Langerhans's cell histiocytosis in old subjects: two rare case reports and review of the literature

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Abstract

Background: Langerhans cell histiocytosis (LCH) is a proliferative disease of histiocyte-like cells that generally affects children; LCH onset is rare in adults; immunohistochemistry is essential to obtain the correct diagnosis, and treatment protocols are controversial. Objective: To describe two new cases of adult onset oral LCH. Case reports: Case 1: a 71-year-old woman, complaining of diffuse oral pain, presented with erythematous mucosal lesions; the panoramic radiograph and CT scan showed multiple mandible radiolucent areas. Immunohistochemical assay for S-100, CD1a and langerin test was essential in reaching the correct diagnosis. Case 2: a 77-year-old female patient presented with a non-painful, non-bleeding, slightly elevated erythematous palatal lesion of 6 months duration, together with a genital vulvar lesion of uncertain nature. The pathology confirmed the diagnosis of LCH. Many therapies (etoposid, radiotherapy) could induce only a clinical partial remission; Cladribine induced a complete recovery. Conclusion: The first case was difficult to diagnose: the clinical presentation and course of the disease (LCH) in the elderly are multiple and unpredictable. An immunohistochemistry study is often essential to obtain the correct diagnosis. The second case required several therapeutic interventions: even though some cases regress spontaneously, others require systemic chemotherapy.
Original languageEnglish
Pages (from-to)e1207-e1214
Number of pages8
JournalGerodontology
Volume29
Publication statusPublished - 2012

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Langerhans Cell Histiocytosis
Immunohistochemistry
Cladribine
Histiocytes
Clinical Protocols
Mandible
Radiotherapy
Pathology
Drug Therapy
Pain
Therapeutics

All Science Journal Classification (ASJC) codes

  • Dentistry(all)
  • Geriatrics and Gerontology

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Langerhans's cell histiocytosis in old subjects: two rare case reports and review of the literature. /.

In: Gerodontology, Vol. 29, 2012, p. e1207-e1214.

Research output: Contribution to journalArticle

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abstract = "Background: Langerhans cell histiocytosis (LCH) is a proliferative disease of histiocyte-like cells that generally affects children; LCH onset is rare in adults; immunohistochemistry is essential to obtain the correct diagnosis, and treatment protocols are controversial. Objective: To describe two new cases of adult onset oral LCH. Case reports: Case 1: a 71-year-old woman, complaining of diffuse oral pain, presented with erythematous mucosal lesions; the panoramic radiograph and CT scan showed multiple mandible radiolucent areas. Immunohistochemical assay for S-100, CD1a and langerin test was essential in reaching the correct diagnosis. Case 2: a 77-year-old female patient presented with a non-painful, non-bleeding, slightly elevated erythematous palatal lesion of 6 months duration, together with a genital vulvar lesion of uncertain nature. The pathology confirmed the diagnosis of LCH. Many therapies (etoposid, radiotherapy) could induce only a clinical partial remission; Cladribine induced a complete recovery. Conclusion: The first case was difficult to diagnose: the clinical presentation and course of the disease (LCH) in the elderly are multiple and unpredictable. An immunohistochemistry study is often essential to obtain the correct diagnosis. The second case required several therapeutic interventions: even though some cases regress spontaneously, others require systemic chemotherapy.",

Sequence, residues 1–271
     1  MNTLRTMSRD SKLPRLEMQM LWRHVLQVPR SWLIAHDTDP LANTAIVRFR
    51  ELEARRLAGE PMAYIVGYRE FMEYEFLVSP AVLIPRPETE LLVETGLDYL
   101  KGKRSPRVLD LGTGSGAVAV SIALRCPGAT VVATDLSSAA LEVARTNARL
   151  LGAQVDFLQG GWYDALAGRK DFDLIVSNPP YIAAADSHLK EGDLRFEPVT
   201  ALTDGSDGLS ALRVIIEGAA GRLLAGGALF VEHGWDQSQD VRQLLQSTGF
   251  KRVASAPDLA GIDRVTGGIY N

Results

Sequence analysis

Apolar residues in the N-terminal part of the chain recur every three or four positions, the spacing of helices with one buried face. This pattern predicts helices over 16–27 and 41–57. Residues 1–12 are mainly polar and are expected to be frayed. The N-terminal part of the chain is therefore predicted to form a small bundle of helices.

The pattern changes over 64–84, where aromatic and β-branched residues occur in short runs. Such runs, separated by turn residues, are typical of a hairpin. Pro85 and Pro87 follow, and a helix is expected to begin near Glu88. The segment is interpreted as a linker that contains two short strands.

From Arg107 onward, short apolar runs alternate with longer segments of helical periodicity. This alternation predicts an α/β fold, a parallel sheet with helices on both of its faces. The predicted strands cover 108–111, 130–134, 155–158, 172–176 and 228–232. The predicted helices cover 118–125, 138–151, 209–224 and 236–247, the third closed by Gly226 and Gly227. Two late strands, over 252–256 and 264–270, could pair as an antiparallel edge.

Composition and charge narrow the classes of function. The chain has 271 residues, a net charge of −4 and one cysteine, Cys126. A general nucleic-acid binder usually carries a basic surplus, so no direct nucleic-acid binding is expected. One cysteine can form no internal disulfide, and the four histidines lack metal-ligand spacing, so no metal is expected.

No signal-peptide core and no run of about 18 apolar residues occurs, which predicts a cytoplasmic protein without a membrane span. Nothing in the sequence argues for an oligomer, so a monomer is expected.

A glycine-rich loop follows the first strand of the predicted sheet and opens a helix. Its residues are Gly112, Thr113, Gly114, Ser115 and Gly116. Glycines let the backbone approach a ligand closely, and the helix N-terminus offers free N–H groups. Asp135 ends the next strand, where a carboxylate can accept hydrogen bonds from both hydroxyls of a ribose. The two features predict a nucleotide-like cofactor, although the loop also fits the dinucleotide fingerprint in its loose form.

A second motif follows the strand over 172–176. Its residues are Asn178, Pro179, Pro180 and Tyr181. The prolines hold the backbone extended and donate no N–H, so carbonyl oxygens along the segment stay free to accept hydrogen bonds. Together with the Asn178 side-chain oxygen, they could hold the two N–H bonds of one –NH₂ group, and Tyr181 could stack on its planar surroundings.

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AB - Background: Langerhans cell histiocytosis (LCH) is a proliferative disease of histiocyte-like cells that generally affects children; LCH onset is rare in adults; immunohistochemistry is essential to obtain the correct diagnosis, and treatment protocols are controversial. Objective: To describe two new cases of adult onset oral LCH. Case reports: Case 1: a 71-year-old woman, complaining of diffuse oral pain, presented with erythematous mucosal lesions; the panoramic radiograph and CT scan showed multiple mandible radiolucent areas. Immunohistochemical assay for S-100, CD1a and langerin test was essential in reaching the correct diagnosis. Case 2: a 77-year-old female patient presented with a non-painful, non-bleeding, slightly elevated erythematous palatal lesion of 6 months duration, together with a genital vulvar lesion of uncertain nature. The pathology confirmed the diagnosis of LCH. Many therapies (etoposid, radiotherapy) could induce only a clinical partial remission; Cladribine induced a complete recovery. Conclusion: The first case was difficult to diagnose: the clinical presentation and course of the disease (LCH) in the elderly are multiple and unpredictable. An immunohistochemistry study is often essential to obtain the correct diagnosis. The second case required several therapeutic interventions: even though some cases regress spontaneously, others require systemic chemotherapy.

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